Posts Tagged ‘Monarch butterfly’




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Monarch Butterfly on Giant Ironweed (Vernonia gigantea)

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While out hiking at Charleston Lake, I spotted this fuzzy, bristly caterpillar. When I got home, I looked it up in my Caterpillars of Eastern North America guide, by David L. Wagner. It’s the caterpillar of the Milkweed Tussock Moth (Euchaetes egle). As the name suggests, milkweed it the preferred food plant for these caterpillars.

The Tussock moth label is a misnomer, as these moths are classified with tiger moths. Another tiger moth caterpillar that you are probably familiar with is the Woolly Bear. For more on Woolly Bears, follow this link. A less well known relative, also common at this time of the year is the Hickory Tussock, linked here.

Some people have an allergic reaction, developing a rash, after handling these caterpillars, so it is not a good idea to pick them up, no matter how cute and fuzzy them may look.

Female moths lay large batches of eggs, and while the caterpillars are tiny, they live together on one plant before dispersing. Monarch butterflies are well know to also use milkweed as their larval food source, but Wagner notes that Monarchs tend to prefer young shoots, while Tussocks are content to eat older foliage.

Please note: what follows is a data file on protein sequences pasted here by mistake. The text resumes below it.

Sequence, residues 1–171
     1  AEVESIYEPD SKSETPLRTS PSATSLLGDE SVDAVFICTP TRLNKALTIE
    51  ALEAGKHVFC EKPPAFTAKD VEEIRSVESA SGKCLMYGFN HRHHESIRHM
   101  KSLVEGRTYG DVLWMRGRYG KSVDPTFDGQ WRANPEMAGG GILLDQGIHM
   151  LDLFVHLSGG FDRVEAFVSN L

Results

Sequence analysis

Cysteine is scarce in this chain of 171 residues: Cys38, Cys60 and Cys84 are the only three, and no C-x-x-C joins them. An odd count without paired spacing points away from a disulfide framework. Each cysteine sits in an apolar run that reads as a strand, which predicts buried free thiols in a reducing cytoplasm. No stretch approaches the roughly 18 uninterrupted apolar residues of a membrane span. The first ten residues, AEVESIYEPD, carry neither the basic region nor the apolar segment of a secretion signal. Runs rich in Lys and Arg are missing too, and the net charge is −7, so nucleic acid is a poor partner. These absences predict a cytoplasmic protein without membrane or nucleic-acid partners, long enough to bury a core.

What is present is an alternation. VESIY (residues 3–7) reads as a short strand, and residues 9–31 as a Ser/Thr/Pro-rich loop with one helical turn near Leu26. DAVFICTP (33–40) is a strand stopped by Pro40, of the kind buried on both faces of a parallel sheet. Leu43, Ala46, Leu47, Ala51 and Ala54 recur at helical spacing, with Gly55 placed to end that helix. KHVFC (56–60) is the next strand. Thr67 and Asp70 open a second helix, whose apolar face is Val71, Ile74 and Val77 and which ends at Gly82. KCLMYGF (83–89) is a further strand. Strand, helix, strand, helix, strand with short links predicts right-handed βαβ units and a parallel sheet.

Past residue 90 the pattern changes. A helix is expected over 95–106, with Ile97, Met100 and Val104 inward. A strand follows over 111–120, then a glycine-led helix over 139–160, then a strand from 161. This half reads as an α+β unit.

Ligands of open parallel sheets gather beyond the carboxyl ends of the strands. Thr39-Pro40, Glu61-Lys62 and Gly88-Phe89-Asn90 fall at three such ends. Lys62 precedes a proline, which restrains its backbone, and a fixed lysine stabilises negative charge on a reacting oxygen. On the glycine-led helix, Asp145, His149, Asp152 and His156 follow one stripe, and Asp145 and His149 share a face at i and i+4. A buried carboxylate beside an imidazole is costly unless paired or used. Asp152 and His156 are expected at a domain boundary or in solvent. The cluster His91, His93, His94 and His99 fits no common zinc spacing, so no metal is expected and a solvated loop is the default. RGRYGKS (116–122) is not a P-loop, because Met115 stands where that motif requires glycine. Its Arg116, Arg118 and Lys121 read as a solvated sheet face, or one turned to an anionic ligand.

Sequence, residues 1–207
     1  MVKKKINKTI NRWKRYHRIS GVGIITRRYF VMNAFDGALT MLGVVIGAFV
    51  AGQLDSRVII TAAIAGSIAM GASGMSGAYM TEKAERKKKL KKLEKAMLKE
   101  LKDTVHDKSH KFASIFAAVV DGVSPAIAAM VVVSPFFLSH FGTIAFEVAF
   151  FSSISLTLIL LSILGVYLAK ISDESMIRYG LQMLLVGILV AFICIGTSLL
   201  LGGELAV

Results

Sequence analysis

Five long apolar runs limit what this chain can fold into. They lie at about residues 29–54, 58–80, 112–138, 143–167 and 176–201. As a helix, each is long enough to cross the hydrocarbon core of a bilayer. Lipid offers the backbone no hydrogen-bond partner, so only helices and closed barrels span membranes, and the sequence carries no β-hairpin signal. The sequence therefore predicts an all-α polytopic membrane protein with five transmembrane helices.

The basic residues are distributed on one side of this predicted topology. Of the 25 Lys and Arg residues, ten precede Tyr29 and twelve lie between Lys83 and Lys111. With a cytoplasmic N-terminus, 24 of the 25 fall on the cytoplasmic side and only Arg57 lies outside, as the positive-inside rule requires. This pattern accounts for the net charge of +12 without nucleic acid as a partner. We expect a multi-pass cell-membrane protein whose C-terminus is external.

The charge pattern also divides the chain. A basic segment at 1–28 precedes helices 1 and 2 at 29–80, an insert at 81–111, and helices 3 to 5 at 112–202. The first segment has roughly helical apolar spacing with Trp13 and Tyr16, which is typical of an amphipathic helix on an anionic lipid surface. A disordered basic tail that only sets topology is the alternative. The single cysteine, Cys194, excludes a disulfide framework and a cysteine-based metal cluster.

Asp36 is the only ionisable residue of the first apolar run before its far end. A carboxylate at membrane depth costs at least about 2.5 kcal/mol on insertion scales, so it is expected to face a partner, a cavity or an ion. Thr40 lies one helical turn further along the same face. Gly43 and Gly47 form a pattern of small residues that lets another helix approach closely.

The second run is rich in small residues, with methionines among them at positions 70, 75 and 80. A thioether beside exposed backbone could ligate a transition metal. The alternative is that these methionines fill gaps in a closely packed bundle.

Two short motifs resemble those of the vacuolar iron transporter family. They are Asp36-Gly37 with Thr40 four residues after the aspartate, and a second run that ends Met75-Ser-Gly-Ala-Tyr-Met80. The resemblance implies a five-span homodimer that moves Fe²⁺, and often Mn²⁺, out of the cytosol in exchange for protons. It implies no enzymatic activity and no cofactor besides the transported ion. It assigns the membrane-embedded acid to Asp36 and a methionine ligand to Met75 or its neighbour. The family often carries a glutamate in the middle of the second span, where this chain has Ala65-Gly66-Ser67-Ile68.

The caterpillar will overwinter in a cocoon and emerge as a moth next year. Here’s the adult moth, below. Thanks to daughter Seabrooke for providing this photo. You will find the Milkweed Tussock Moth and a host of others in Seabrooke’s Peterson Field Guide to Moths of Northeastern North America. Learn more at her website, The Marvelous in Nature, linked here.


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Monarch and Blue Iris

Monarch and Blue Iris

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Owl Butterfly (Caligo memnon)

Giant Owl butterfly (Caligo memnon)

This snowy weather is a good time to revisit the Montreal Botanical Garden displays that we saw on February 21st. The most popular winter feature is probably the display of live butterflies. There are actually two separate areas, one for Creatures of Darkness and another for Creatures of Light.

We visited the Creatures of Darkness greenhouse first. The greenhouse isn’t really dark, but the light is somewhat muted. There are five species listed for this display in the flyer that accompanies the exhibition, but we just saw one, the Giant Owl butterfly (Caligo memnon), pictured above. There were quite a few of them though, and they were easy to spot.


Giant Owl Butterfly with wings open.

The photo above shows an Owl Butterfly resting in a dim corner with its wings spread. The genus Caligo includes about 20 species. It’s obvious that the common name, Owl butterflies, refers to the owl-eye pattern on the underwings. it’s quite convincing, with even a streak of white mimicking the glint of an eye. Caligo is derived from the latin for darkness. Owl butterflies prefer to fly at dusk, when there are fewer of their avian predators about. Caligos are found in Mexico and south through Central America to South America.

Below is a view of the second and larger butterfly exhibit room, which houses the Creatures of Light.